2.1 Policy Evolution in Multiple Contexts of Reception

Senegalese migration is a useful case to study because Senegalese migrants are present in many different contexts of reception. They have long migrated to destinations within Africa, including neighboring countries such as the Gambia and Guinea and more-distant destinations such as Angola, the Democratic Republic of the Congo, and South Africa (Bredeloup 1993). While France was the main destination of Senegalese intercontinental emigration during most of the twentieth century, Senegalese migrants have since diversified their mobility to include many countries in Europe, North America, and Asia. Indeed, most Senegalese who travel abroad can recount stories of meeting other Senegalese in the markets of Nairobi, the cafés of Paris, the New York subway, or the streets of Bangkok.

This book takes advantage of part of this diversity of destinations to examine how variation in the socio-legal features of different contexts of reception creates complex trajectories of legal status for this intrepid group of migrants and will link different forms of legal status to the migrants’ integration in the destination society and their ongoing participation in the development of their origin communities. While many different destinations could have been considered, this book and the data-collection project on which it is based chose to focus on France, Italy, and Spain. These three countries account for approximately 45% of all Senegalese migrants residing abroad (Beauchemin and González-Ferrer 2011). While they are all developed countries in the European Union, variations in their historical relationship with Senegal, the evolution of their immigration-control policies, their experiences in receiving immigrants, and their economies all create different configurations of legal status and possibilities of irregularity.

France is of obvious interest as the former colonial power in Senegal. Research has shown that links of language, transportation, and economic exchange forged during colonial times underlie many migration systems across the world (Kritz et al. 1992), and the migration patterns between Senegal and France are no exception to this rule (Garson 1992). No understanding of Senegalese migration would be complete without an accounting of Senegalese migration to France. In addition, the colonial relationship had important implications for the socio-legal parameters structuring the legal statuses of Senegalese migrants in France in the post-independence period. During the colonial era, Senegalese born in the so-called quatre communes of St. Louis, Gorée, Rufisque, and Dakar had a form of French citizenship, which Senegalese deputies to the French Assembly in the early twentieth century sought to reinforce via military service during the two World Wars. This “blood debt” later served as a pillar in the fight for secure legal status for Senegalese sans papiers in France (Coquery-Vidrovitch 2001; Mann 2003).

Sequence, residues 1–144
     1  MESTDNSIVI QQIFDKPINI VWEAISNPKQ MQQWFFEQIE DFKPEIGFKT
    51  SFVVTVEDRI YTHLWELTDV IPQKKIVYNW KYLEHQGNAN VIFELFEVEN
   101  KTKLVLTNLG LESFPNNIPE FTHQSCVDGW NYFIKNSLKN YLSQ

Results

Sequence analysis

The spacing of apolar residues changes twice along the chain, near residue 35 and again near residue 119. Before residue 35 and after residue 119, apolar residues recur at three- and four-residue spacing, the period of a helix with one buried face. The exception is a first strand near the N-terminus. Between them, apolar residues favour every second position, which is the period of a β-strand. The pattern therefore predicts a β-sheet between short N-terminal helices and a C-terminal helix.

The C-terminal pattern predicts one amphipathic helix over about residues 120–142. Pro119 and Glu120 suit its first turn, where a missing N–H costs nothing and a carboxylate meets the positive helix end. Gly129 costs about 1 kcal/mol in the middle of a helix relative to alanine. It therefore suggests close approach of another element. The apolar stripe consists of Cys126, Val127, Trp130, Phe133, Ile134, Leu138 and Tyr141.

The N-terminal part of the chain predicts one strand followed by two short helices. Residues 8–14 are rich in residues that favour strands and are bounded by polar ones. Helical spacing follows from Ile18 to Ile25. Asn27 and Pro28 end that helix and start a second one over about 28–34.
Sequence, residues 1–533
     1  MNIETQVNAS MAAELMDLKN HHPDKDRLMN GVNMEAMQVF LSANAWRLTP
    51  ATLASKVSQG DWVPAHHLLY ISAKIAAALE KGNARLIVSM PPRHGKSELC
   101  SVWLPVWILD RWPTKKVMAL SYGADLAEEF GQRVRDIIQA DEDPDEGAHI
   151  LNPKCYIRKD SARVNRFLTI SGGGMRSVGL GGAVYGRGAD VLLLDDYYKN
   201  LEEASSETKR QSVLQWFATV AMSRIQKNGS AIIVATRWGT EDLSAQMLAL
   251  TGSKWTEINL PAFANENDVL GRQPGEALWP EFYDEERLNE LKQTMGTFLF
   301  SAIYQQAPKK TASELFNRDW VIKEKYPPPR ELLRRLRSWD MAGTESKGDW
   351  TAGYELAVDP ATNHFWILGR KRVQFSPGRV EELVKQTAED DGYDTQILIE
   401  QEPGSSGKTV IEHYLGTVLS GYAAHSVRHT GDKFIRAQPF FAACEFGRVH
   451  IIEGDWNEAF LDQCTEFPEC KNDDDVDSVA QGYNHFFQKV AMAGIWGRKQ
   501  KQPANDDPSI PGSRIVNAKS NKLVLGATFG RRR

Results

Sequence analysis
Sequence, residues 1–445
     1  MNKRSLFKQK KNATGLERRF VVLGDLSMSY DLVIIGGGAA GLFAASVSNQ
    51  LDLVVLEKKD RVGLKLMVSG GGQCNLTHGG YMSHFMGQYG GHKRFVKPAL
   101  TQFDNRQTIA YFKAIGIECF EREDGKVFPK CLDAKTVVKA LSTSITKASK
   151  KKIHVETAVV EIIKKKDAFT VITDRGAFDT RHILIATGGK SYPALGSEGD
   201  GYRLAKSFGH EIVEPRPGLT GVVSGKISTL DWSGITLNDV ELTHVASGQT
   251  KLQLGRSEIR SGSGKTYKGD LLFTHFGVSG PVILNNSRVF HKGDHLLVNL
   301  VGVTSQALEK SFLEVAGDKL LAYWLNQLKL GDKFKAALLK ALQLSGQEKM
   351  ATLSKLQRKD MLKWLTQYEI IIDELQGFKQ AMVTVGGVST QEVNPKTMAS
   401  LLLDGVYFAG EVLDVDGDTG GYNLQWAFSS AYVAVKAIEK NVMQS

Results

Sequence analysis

The colonial relationship also directly structured post-independence immigration-control measures in France. The former colonial power sought to defend the vestiges of colonial privileges of free entry and establishment in Senegal for its own citizens, and thus created a preferential bilateral immigration-control regime with Senegal that facilitated the entry and eventual settlement of Senegalese in France. This preferential regime was largely at odds with the ordinance of 1945 that sought to recruit immigrants from culturally similar southern European countries for economic and demographic purposes (Spire 2005), which nonetheless established the framework for a restrictive immigration-control regime. While French policymakers immediately and constantly chipped away at the preferential regime between France and Senegal, it officially lasted until the early twenty-first century, and the evolution towards a closed and restrictive regime more in line with national immigration law was instrumental in encouraging both the settlement of formerly-mobile Senegalese migrants and their families in France and the exploration of new destinations such as Italy, Spain, Greece, and the United States.

The new destinations of Italy and Spain provide counterpoints to the experience of Senegalese migration to France. Both Italy and Spain have long histories as countries of emigration; indeed, both provided many migrants to France in the post-World War II period. In contrast, these countries’ experience receiving immigrants is much more recent. While France has been a country of immigration (in demographic if not cultural terms) since the late nineteenth century, Spain and Italy only started receiving migrants in the 1990s. As a result, Spanish and Italian apparatuses of immigration control are much more recent. Neither had any national-level immigration policy with the normative status of legislation until the 1990s, and the impetus for this legislation came from the European Union integration instead of any overriding internal concern with immigration; indeed, both countries still had low levels of immigration at the time of their respective laws (González-Enríquez 2009; Sciortino 1999).